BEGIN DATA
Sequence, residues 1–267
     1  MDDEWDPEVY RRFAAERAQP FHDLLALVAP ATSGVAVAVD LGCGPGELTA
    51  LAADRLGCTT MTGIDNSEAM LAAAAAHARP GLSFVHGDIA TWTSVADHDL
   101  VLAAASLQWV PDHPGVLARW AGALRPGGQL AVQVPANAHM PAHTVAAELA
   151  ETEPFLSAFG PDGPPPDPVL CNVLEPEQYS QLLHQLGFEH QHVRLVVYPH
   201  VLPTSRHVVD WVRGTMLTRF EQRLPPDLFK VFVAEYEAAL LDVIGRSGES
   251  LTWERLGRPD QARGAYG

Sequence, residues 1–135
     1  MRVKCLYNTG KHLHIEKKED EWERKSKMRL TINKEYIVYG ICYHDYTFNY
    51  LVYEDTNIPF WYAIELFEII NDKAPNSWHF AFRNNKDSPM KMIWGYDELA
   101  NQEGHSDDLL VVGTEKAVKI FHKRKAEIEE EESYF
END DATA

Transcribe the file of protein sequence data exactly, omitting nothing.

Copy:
Sequence, residues 1–267
     1  MDDEWDPEVY RRFAAERAQP FHDLLALVAP ATSGVAVAVD LGCGPGELTA
    51  LAADRLGCTT MTGIDNSEAM LAAAAAHARP GLSFVHGDIA TWTSVADHDL
   101  VLAAASLQWV PDHPGVLARW AGALRPGGQL AVQVPANAHM PAHTVAAELA
   151  ETEPFLSAFG PDGPPPDPVL CNVLEPEQYS QLLHQLGFEH QHVRLVVYPH
   201  VLPTSRHVVD WVRGTMLTRF EQRLPPDLFK VFVAEYEAAL LDVIGRSGES
   251  LTWERLGRPD QARGAYG

Sequence, residues 1–135
     1  MRVKCLYNTG KHLHIEKKED EWERKSKMRL TINKEYIVYG ICYHDYTFNY
    51  LVYEDTNIPF WYAIELFEII NDKAPNSWHF AFRNNKDSPM KMIWGYDELA
   101  NQEGHSDDLL VVGTEKAVKI FHKRKAEIEE EESYF